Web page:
More solid guarantees crucial for credit landscape

March 18, 2024 | 09:00
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The economy has yet to fully prosper despite a wide range of measures being taken gearing towards a rebound. Economist Nguyen Tri Hieu talked with VIR’s Nhue Man about the factors behind the current credit environment in Vietnam, the motivation to fuel total aggregate demand, and how to boost credit growth.

The banking sector’s credit eyed contraction in the first two months of this year, which was deemed normal by the authorised agency. What is your take on this?

More solid guarantees crucial for credit landscape
Nguyen Tri Hieu, economist

In my view, three reasons persist. Firstly, banks were heavy lenders in late months of 2023, whereas the economy marked a start in early months of 2024, resulted in modest credit demands.

Secondly, Vietnam’s export market was still in the doldrums. Statistics by the General Statistics Office (GSO) showed that in February the country’s total import and export value approximated $48.54 billion, down 25.8 per cent compared to January and 1.8 per cent lower compared to one year ago.

In the first two months of this year, Vietnam’s total import and export value, however, came to $113.9 billion, showing an 18.6 per cent jump on-year. Despite a hike compared to similar period last year, it proved lower compared to the average level in many years before.

Thirdly, low aggregate demand is instrumental to low credit demand. Low domestic demand plus low export demand led to a low pace of the economy, with feeble business activities. These all had resulted in credit contraction.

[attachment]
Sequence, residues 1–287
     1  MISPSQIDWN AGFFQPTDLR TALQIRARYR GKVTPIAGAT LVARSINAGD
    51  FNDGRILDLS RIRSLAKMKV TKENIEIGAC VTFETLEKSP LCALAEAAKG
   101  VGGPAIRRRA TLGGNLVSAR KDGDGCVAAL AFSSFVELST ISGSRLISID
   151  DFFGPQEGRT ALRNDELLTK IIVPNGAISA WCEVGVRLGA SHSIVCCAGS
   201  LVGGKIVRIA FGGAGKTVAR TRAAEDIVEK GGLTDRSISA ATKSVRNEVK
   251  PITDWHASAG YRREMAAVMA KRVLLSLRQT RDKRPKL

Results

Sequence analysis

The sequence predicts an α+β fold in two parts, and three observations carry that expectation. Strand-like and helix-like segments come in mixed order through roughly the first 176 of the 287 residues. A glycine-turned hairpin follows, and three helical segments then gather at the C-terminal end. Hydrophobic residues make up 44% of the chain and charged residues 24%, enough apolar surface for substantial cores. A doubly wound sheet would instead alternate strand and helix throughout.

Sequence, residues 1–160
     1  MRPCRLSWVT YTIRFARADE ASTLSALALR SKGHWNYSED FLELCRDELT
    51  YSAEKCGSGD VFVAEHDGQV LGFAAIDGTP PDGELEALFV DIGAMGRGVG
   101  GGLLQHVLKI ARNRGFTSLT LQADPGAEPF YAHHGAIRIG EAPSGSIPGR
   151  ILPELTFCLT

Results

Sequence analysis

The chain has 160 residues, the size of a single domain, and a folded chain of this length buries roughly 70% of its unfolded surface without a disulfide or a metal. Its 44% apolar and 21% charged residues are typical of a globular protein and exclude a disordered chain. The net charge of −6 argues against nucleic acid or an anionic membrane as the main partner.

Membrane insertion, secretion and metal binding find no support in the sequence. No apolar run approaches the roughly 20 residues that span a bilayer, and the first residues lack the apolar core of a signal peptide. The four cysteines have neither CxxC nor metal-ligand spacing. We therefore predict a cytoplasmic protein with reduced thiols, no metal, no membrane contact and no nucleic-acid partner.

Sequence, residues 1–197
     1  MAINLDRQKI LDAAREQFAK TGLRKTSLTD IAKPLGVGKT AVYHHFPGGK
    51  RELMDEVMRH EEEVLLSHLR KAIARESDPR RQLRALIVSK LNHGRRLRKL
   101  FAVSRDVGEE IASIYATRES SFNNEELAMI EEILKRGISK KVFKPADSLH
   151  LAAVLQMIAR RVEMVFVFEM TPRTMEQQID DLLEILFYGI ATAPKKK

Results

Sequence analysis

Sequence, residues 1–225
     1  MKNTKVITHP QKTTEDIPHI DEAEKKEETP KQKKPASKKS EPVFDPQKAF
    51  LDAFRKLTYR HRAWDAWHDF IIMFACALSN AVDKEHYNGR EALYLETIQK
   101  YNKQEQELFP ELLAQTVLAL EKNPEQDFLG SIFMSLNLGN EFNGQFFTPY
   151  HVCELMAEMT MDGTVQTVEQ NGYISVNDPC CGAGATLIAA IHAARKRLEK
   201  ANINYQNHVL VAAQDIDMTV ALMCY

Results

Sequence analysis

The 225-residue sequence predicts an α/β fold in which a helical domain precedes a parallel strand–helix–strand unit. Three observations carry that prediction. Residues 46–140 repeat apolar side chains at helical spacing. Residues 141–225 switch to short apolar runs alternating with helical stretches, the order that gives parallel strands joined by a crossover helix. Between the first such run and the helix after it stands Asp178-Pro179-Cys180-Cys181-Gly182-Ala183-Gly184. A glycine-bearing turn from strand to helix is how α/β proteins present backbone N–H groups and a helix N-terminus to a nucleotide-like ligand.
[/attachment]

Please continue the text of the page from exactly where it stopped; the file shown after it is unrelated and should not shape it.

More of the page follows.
Generally, in these first two months the economy continued the stagnation from 2023, and at this point of time there emerges a point of concern that the number of businesses halting operation and going bust saw a sharp hike compared to 2023’s average level.

According to GSO figures, 63,000 businesses had withdrawn from the market during the period, up 22.5 per cent on-year, averaging nearly 31,500 businesses each month, which was doubled compared to the average level in whole 2023.

When firms halted operation or went bust, it means the economy was functioning very slowly. As such, in my view this credit contraction is a cause for concern as it is now mid-March.

When will credit resume growth momentum?

It might be in the second half of this year, leveraging the US Federal Reserve’s pivoting its monetary policy stance from tightening to loosening in months close to US presidential election.

The Fed still retains an inflation control policy, as its actual inflation rate is still about 1 per cent higher than the inflation target.

As usual during the years when a US presidential election takes place, often the administration would strive to contain inflation, aiming for beneficial election results. As such, the Fed would peg the interest rate at a high level which could affect the global economy, particularly Vietnam, as the US is one of Vietnam’s major export markets.

The greenback becoming more expensive would push up the exchange rate and influence other valued assets, such as causing the gold price to swell, influencing the gold price situation in Vietnam.

In addition, tightened monetary policy by the US administration has also adversely affected Vietnam’s export to the US.

Although the US economy has warmed up thanks to a low unemployment rate and high domestic demand, the Fed’s tightened policy stance and high inflation put a brake on borrowing requirements from the part of US businesses and residents, from there affecting import demand from Vietnam.